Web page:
"...if anyone makes the assistance of grace depend on the humility or obedience of man and does not agree that it is a gift of grace itself that we are obedient and humble, he contradicts the Apostle who says, "What have you that you did not receive?" (1 Cor. 4:7), and, "But by the grace of God I am what I am" (1 Cor. 15:10). (Council of Orange: Canon 6)

Lovely Progression

Jesus, how sweet your virgin birth,
Deep, lovely mystery:
Out from the unsewn womb sprang forth
God of eternity!
I kneel before your bed so rough,
My Savior in a feeding trough,
Divine before the world began,
And now in time become a man.

Jesus, how sweet your life on earth,
Your public ministry,
Your miracles of saving worth
O'er sin and misery;
I hear in reverential awe
Your thund'rous utt'rance of the Law,
And offer in my own defense
Your life of pure obedience.

Jesus, how sweet your saving death,
The atoning sacrifice!
My plea rose up on your last breath
Like incense to the skies;
I weep before that blessed tree
Where priceless blood was spilled for me,
Where all the wrath of God was poured
On the Beloved of the Lord.

Jesus, how sweet your rising up
Victorious from the dead
To fill my upheld mercy cup,
To crush the Tempter's head!
I come by grace before your throne
And there in trembling joy bow down,
Before my King who now must reign
Till he make all things new again.

February 29, 2008  |  Comments (8)   |  Permalink

The Hidden Treasure (4 -- Refining the Gold)

As difficult and arduous as are the labors of bringing out the precious minerals from their hiding places in the depths of the earth, any miner will affirm that, once they have been so gathered up, his labor is not at all done. For the gold and silver to gleam with all their beauty and be valued at their full worth, they must first be purified and refined; which is just to say that, any substance which is not true to their nature, must by various means be teased out and discarded. This process of refinement is unexceptionally necessary in the pursuit of earth’s buried treasures, for the desired minerals are never found thoroughly pure, but always mingled with some degree of unwanted substances, the worthless dross, to be rid of which is the design of the refinement. A miner who takes a sack of gold ore into a store might gain some use from his riches, but not nearly so much as he who takes a refined and certified ingot.

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February 25, 2008  |  Comments (0)   |  Permalink

The Old Gospel

The following is an extract from Dr. J. I. Packer's introductory essay to John Owen's "Death of Death" published by the Banner of Truth Trust.

The old gospel of Owen, first of all, contains no less full and free an offer of salvation than its modern counterpart. It presents ample grounds of faith (the sufficiency of Christ, and the promise of God), and cogent motives to faith (the sinner's need, and the Creator's command, which is also the Redeemer's invitation). The new gospel gains nothing here by asserting universal redemption. The old gospel, certainly, has no room for the cheap sentimentalising which turns God's free mercy to sinners into a constitutional softheartedness on His part which we can take for granted; nor will it countenance the degrading presentation of Christ as the baffled Saviour, balked in what he hoped to do by human unbelief; nor will it indulge in maudlin appeals to the unconverted to let Christ save them out of pity for His disappointment. The pitiable Saviour and the pathetic God of modern pulpits are unknown to the old gospel. The old gospel tells men that they need God, but not that God needs them (a modern falsehood); it does not exhort them to pity Christ, but announces that Christ has pitied them, though pity was the last thing they deserved. It never loses sight of the Divine majesty and sovereign power of the Christ whom it proclaims, but rejects flatly all representations of Him which would obscure His free omnipotence.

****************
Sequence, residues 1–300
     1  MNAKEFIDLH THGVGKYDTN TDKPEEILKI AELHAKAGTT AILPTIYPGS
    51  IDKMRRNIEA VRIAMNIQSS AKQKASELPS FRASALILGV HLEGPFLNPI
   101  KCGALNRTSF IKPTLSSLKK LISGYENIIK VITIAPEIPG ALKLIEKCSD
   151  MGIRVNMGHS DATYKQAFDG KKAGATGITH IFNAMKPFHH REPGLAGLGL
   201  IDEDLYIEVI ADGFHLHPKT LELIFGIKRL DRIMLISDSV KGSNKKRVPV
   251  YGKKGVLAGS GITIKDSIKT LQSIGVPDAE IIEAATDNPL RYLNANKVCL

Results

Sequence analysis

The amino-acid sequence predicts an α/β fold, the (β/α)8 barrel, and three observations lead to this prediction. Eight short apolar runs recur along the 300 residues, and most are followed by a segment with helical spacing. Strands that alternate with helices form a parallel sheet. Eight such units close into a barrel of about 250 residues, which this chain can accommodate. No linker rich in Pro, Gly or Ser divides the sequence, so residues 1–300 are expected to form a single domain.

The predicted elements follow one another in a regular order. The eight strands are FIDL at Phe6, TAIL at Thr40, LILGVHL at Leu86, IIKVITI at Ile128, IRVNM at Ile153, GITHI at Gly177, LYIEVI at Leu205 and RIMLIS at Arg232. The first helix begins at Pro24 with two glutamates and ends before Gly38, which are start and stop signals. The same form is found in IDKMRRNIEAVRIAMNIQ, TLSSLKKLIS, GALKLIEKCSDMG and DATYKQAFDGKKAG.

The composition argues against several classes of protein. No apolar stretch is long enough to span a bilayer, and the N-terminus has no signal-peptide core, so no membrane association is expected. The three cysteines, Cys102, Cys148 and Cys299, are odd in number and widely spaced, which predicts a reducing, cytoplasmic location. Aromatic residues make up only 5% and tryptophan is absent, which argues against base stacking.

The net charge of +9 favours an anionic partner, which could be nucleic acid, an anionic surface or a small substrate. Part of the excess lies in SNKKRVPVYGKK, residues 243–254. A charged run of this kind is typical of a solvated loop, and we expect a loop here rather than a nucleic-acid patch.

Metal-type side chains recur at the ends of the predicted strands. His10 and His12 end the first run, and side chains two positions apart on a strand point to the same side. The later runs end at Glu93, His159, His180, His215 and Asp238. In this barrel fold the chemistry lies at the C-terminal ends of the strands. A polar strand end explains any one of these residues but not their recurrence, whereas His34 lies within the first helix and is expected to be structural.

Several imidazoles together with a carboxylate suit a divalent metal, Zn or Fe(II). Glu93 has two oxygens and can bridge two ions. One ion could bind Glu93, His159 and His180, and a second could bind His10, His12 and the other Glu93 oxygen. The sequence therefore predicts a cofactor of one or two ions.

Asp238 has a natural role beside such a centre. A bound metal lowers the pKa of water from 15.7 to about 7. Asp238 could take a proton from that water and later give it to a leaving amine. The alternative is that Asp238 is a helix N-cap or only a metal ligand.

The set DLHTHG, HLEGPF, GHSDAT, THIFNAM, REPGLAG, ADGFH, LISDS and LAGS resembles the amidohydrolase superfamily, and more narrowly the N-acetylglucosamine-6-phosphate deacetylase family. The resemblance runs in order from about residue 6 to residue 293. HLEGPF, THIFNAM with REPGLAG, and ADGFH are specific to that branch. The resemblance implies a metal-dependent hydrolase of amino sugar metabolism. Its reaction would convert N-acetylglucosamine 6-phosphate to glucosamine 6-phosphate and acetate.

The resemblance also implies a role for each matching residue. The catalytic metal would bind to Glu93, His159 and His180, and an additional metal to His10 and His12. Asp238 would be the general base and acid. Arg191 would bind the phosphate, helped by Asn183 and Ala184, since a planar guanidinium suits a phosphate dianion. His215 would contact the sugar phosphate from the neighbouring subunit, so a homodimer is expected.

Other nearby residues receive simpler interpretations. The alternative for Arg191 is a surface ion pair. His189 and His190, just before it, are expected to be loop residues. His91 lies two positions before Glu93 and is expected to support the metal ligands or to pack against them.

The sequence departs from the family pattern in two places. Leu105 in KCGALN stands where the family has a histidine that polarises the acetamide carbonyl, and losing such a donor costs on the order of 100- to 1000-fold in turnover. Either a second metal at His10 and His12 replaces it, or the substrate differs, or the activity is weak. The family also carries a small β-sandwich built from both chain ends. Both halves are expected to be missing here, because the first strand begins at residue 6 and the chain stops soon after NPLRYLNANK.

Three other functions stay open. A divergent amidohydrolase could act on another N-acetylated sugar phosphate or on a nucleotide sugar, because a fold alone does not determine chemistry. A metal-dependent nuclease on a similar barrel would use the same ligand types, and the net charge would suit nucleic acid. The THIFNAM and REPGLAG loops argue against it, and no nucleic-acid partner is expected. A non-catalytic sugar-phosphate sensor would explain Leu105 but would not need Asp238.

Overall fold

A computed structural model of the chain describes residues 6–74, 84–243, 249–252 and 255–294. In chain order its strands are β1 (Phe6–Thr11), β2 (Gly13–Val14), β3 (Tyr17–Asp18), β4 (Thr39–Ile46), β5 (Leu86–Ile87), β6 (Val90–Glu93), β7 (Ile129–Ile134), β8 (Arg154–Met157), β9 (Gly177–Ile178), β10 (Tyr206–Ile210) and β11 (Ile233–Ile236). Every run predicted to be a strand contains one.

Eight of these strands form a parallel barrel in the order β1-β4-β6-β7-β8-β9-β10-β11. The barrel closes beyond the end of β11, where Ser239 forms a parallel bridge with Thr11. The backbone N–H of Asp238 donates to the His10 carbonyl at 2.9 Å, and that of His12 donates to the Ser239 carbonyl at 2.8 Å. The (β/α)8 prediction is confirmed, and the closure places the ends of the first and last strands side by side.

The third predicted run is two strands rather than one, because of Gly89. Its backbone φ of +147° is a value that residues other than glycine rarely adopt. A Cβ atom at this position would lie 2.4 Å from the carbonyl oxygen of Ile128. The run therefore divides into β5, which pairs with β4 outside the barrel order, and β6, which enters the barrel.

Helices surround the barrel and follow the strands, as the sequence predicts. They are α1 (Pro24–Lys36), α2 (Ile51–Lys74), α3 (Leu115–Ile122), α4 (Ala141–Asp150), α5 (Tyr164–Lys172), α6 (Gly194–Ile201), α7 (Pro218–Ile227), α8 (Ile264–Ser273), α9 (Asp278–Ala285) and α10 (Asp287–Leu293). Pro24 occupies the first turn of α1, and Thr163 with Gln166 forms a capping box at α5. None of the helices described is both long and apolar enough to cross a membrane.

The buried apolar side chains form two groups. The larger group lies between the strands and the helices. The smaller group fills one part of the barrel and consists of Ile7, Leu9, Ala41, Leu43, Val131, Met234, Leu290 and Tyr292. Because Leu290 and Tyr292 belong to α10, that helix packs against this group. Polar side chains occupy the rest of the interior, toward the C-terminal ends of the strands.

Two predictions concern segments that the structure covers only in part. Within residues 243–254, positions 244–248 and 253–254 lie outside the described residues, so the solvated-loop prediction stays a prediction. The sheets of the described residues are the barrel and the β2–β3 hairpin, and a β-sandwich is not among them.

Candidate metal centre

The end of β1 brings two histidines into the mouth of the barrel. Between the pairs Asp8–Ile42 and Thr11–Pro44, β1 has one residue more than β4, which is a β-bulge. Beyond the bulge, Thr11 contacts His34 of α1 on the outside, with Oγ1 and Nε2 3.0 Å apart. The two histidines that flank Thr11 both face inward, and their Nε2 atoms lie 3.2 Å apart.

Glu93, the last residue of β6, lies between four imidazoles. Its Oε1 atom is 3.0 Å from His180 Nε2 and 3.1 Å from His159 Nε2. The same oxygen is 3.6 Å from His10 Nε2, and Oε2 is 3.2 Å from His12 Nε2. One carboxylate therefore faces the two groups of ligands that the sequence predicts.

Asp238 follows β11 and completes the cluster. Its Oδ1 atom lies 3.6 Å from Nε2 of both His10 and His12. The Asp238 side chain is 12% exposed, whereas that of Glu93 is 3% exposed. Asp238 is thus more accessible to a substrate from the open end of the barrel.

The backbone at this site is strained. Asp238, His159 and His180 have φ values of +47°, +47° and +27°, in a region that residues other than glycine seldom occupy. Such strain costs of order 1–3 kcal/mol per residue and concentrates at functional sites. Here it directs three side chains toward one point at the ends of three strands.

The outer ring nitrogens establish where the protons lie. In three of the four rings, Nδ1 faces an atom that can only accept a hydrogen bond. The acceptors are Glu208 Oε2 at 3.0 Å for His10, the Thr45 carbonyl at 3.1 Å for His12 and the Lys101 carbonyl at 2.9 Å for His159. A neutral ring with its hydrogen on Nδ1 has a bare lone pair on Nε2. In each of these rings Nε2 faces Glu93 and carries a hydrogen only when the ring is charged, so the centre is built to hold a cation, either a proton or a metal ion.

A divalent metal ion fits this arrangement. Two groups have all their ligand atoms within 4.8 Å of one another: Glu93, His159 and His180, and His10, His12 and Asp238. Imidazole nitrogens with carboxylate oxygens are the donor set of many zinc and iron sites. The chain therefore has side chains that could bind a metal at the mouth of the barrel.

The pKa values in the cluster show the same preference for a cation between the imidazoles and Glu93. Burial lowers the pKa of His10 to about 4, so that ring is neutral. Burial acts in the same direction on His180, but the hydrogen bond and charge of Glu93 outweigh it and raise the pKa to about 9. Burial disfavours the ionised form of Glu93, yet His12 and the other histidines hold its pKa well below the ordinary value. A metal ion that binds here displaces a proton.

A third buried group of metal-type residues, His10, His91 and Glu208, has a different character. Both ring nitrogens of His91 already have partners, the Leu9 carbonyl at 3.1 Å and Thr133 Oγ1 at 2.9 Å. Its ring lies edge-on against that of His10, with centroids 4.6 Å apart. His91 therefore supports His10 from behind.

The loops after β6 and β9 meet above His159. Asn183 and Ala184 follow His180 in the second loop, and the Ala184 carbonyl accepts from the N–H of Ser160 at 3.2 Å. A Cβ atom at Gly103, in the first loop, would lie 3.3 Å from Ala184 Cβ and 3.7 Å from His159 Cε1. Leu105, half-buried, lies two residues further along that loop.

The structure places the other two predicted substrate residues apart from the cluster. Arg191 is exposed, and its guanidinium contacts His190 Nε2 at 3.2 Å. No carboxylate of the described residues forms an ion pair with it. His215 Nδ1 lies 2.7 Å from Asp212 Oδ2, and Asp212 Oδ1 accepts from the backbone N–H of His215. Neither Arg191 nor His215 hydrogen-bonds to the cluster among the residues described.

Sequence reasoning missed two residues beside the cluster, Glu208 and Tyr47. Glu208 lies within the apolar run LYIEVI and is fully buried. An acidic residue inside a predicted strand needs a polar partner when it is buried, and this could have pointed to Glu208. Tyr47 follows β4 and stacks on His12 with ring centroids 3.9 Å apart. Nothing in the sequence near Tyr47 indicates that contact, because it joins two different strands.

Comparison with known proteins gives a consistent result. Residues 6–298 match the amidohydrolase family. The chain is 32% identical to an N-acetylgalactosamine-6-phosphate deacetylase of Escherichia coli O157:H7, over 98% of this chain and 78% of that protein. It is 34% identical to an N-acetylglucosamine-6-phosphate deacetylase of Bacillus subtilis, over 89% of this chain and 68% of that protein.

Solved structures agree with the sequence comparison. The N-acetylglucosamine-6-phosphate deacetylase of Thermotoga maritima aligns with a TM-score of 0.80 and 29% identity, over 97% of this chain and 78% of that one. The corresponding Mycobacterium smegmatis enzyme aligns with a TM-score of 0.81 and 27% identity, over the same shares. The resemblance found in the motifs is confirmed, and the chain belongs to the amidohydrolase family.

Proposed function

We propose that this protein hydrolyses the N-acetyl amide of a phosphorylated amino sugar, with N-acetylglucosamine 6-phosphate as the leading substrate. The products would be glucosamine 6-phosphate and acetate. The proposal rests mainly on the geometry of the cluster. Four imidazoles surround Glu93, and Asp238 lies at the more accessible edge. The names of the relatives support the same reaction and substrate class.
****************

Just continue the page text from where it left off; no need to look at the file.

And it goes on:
Does this mean, however, that the preacher of the old gospel is inhibited or confined in offering Christ to men and inviting them to receive Him? Not at all. In actual fact, just because he recognises that Divine mercy is sovereign and free, he is in a position to make far more of the offer of Christ in his preaching than is the expositor of the new gospel; for this offer is itself a far more wonderful thing on his principles than it can ever be in the eyes of those who regard love to all sinners as a necessity of God's nature, and therefore a matter of course. To think that the holy Creator, who never needed man for His happiness and might justly have banished our fallen race for ever without mercy, should actually have chosen to redeem some of them! and that His own Son was willing to undergo death and descend into hell to save them! and that now from His throne He should speak to ungodly men as He does in the words of the gospel, urging upon them the command to repent and believe in the form of a compassionate invitation to pity themselves and choose life! These thoughts are the focal points round which the preaching of the old gospel revolves. It is all wonderful, just because none of it can be taken for granted. But perhaps the most wonderful thing of all - the holiest spot in all the holy ground of gospel truth - is the free invitation which "the Lord Christ " (as Owen loves to call Him) issues repeatedly to guilty sinners to come to Him and find rest for their souls. It is the glory of these invitations that it is an omnipotent King who gives them, just as it is a chief part of the glory of the enthroned Christ that He condescends still to utter them. And it is the glory of the gospel ministry that the preacher goes to men as Christ's ambassador, charged to deliver the King's invitation personally to every sinner present and to summon them all to turn and live. Owen himself enlarges on this in a passage addressed to the unconverted.